Sederi 29 — 2019
María José Mora
Clark Hulse, “Ovid’s urban metamorphosis.” SEDERI 29 (2019): 85–108.
In Book XV of Ovid’s Metamorphoses, Pythagoras meditates on the rise and fall of cities and foresees that the survival of Rome requires turning from war to the “arts of peace.” Once ancient Rome has fallen, its urban imagery hybridizes with a Biblical counter-imagery in which God wills the ruination of Rome and other centers of wickedness. Through this Ovidian/Pythagorean lens, this essay then examines how Spenser confronts the fall and rise and possible fall again of early modern London, with glances also at Shakespeare and Dryden. This Ovidian model creates challenges of identity, belief, and ethical obligation that result in an “outward turn” of the theme of metamorphosis toward its social boundary.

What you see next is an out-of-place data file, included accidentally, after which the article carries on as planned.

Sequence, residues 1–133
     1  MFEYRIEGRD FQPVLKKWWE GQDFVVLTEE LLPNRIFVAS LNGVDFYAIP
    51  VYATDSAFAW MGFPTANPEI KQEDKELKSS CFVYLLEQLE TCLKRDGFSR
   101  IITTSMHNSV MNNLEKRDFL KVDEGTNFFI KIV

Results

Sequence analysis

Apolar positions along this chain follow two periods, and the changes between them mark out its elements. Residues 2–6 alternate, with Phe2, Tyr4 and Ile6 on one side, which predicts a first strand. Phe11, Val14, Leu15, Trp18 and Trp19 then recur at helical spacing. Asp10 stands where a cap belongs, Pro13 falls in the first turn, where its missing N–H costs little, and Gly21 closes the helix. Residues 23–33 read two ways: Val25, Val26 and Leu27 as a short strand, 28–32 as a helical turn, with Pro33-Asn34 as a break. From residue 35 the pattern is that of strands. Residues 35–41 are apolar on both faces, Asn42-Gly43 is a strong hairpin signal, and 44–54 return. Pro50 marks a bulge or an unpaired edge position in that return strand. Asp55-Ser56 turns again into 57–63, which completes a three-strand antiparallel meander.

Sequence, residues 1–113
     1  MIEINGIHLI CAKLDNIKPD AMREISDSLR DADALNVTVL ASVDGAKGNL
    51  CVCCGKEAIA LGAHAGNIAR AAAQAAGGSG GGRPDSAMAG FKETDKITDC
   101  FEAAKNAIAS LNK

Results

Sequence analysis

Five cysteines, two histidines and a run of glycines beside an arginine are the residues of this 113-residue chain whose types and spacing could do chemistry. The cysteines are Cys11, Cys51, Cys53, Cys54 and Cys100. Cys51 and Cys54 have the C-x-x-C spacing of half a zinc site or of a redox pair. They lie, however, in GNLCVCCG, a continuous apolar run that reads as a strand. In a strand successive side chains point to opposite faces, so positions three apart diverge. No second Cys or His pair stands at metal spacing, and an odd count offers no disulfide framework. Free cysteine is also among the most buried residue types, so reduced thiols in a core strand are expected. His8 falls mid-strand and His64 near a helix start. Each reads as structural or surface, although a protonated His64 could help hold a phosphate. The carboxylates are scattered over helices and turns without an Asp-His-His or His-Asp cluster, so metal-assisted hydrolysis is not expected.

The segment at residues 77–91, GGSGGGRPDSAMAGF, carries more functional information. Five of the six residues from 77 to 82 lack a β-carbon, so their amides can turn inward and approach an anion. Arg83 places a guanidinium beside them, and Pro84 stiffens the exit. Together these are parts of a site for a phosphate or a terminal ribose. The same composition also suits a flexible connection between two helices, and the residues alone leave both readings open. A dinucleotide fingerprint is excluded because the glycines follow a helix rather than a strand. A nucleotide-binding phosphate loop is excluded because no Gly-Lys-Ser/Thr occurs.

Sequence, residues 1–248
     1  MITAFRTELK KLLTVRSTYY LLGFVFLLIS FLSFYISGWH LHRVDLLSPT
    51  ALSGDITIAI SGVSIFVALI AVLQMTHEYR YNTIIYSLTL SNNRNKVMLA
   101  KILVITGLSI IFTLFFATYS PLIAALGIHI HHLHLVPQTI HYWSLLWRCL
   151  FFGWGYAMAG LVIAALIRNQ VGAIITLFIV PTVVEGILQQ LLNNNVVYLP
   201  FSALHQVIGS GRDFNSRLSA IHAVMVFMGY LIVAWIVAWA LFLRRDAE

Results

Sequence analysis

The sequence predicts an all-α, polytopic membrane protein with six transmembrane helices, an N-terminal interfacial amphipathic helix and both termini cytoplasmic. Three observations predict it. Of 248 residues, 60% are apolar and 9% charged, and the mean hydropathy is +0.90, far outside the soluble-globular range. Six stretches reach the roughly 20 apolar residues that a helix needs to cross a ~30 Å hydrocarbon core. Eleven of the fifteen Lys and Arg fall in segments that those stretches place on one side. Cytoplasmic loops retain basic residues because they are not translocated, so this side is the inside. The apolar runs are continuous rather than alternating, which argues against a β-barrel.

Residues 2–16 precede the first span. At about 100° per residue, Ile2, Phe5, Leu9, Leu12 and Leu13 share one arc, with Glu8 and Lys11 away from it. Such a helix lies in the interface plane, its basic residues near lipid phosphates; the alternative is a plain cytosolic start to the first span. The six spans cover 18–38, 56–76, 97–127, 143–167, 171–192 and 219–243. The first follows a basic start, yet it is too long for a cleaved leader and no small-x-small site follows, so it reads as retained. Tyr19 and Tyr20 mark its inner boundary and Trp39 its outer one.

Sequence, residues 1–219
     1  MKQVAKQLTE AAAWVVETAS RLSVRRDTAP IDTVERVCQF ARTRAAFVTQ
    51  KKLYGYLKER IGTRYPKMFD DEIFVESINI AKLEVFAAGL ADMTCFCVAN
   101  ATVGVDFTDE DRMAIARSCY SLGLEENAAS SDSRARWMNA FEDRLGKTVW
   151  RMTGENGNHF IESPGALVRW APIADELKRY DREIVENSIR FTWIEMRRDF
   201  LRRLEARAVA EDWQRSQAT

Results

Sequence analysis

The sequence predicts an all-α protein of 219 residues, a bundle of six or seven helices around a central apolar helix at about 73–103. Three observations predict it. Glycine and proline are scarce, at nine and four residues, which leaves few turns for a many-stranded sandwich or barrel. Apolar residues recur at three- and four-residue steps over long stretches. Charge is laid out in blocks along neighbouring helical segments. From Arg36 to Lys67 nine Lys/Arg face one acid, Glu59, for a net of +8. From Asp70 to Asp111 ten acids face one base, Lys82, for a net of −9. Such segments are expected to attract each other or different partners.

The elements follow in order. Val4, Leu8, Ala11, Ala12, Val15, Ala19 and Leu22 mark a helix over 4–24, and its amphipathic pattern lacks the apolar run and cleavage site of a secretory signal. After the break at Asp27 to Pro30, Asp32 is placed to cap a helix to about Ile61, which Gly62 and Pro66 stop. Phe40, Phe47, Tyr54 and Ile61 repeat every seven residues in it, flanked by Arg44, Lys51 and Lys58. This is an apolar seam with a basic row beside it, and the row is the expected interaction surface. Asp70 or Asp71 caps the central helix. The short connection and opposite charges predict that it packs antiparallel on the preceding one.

Keywords: Ovid; Spenser; Shakespeare; Dryden; Metamorphosis; City; Rome; London.
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